II. From the Committee of Cheshire, Massachusetts
[1 Jan. 1802]
Notwithstanding we live remote from the seat of the national government, and in an extreme part of our own state; yet we humbly claim the right of judging for ourselves.
Our attachment to the national constitution is strong and indissoluble.1 We consider it a description of those powers, which the people have submitted to their magistrates, to be exercised for definite purposes, and not a charter of favors, granted by a sovereign to his subjects.—Among its beautiful features, the right of free suffrage, to correct all abuses—The prohibition of religious tests, to prevent all hierarchy—The means of amendment, which it contains within itself, to remove defects as fast as they are discovered, appear the most prominent. But for several years past, our apprehension2 has been, that the genius of the government was not attended to in sundry cases; and that the administration bordered upon monarchy: Our joy, of course must have been great, on your election to the first office in the nation; having had good evidence, from your announced sentiments and uniform conduct that it would be your strife and glory to turn back the government, to its virgin purity. The trust is great! The task is arduous! But we console ourselves, that the supreme ruler of the universe, who raises up men to achieve3 great events, has raised up a Jefferson for this critical day, to defend republicanism and baffle all the arts of aristocracy.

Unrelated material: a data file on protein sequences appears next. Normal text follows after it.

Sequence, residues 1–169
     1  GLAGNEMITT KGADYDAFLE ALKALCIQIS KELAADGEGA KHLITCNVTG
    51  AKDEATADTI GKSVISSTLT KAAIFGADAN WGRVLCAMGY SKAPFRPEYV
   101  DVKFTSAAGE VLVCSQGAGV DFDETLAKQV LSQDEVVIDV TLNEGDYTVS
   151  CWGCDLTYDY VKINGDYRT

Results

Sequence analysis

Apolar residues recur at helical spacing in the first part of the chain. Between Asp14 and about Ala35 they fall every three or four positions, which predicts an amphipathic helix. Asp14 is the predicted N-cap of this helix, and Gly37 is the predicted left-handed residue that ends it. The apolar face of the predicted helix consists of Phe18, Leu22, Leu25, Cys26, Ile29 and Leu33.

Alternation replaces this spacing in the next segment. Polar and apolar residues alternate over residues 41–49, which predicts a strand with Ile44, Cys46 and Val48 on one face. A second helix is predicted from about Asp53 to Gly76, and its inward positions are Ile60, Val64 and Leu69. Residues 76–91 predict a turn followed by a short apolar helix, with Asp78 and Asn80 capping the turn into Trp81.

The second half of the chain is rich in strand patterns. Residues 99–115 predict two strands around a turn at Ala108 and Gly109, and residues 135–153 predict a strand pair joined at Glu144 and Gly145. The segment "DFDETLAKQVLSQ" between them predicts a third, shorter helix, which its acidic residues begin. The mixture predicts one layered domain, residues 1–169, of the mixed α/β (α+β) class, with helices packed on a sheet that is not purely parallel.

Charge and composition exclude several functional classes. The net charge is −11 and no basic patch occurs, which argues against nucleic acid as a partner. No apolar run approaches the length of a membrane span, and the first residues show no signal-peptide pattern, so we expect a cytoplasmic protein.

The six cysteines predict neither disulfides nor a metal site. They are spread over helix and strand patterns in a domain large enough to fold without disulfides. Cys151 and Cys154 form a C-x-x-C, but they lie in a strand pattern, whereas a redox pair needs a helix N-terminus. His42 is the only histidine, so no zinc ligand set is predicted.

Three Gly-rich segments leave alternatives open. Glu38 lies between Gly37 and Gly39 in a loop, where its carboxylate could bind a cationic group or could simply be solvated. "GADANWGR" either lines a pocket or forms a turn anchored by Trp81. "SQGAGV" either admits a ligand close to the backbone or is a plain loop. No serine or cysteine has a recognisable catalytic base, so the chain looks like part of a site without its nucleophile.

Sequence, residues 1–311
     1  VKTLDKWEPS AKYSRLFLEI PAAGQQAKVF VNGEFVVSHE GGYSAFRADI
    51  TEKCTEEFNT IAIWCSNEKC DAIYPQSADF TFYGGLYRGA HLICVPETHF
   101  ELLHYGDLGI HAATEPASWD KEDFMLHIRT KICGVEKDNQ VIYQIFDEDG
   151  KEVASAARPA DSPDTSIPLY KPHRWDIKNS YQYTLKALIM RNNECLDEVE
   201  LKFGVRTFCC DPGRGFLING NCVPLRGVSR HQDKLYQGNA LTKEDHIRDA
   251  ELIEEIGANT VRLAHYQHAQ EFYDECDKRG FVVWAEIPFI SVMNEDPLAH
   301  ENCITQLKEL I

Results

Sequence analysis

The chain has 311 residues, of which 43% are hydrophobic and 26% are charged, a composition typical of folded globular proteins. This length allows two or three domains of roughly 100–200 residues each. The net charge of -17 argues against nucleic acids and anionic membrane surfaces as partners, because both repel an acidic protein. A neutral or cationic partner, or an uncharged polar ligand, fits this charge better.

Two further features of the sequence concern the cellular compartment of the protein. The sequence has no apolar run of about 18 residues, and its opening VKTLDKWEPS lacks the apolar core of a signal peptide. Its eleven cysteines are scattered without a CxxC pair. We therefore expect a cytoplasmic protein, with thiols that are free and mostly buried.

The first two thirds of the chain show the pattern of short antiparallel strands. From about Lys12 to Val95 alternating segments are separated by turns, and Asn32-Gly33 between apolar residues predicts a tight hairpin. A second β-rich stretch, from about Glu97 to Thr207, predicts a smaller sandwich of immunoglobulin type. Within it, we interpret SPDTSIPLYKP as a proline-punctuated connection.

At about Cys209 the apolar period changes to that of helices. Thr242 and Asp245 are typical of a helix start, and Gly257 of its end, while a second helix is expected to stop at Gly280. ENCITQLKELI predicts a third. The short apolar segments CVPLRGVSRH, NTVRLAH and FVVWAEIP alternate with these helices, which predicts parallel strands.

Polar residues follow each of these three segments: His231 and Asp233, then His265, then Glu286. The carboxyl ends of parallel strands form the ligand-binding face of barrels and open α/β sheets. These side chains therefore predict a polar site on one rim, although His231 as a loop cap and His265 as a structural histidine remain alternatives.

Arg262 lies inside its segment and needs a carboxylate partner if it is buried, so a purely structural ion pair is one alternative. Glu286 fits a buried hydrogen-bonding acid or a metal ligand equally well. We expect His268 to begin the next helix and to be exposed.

Sir, we have attempted to prove our love to our president, not in words alone, but in deeds and truth. With this address, we send you a CHEESE, by the hands of Messrs. John Leland and Darius Brown, as a pepper-corn of the esteem which we bear to our chief magistrate, and as a sacrifice to republicanism. It is not the last stone in the Bastile, nor is it of any great consequence as an article of worth; but as a free-will offering, we hope it will be received. The cheese was not made by his lordship, for his sacred majesty; nor with a view to gain dignified titles or lucrative offices; but by the personal labour of free-born farmers (without a single slave to assist) for an elective president of a free people—with the only view of casting a mite into the scale of democracy.
The late triumphant return of republicanism has more animated the inhabitants of Cheshire, to bear the burthens of government, and treat the characters and persons of those in authority with all due respect, than the long list of alien—sedition—naval, and provisional army laws, ever did.
Sir, we had some thoughts of impressing some significant inscription on the cheese; but we have found such inconveniency in STAMPS on paper, that we chose to send it in a plain republican form.
May God long preserve your life and health, for a blessing to the United States, and the world at large.
Signed by order of all Cheshire,
|John Wells, jun.||}|
P.S. The cheese was made, July 20, 1801.—Weight 1235 lbs.
Printed in the Philadelphia Aurora, 15 Jan. 1802; at head of text: “The Greatest Cheese In America, For The Greatest Man In America.”
1. Aurora: “indissolible.”
2. Aurora: “apprehensions.”
3. Aurora: “atchieve.”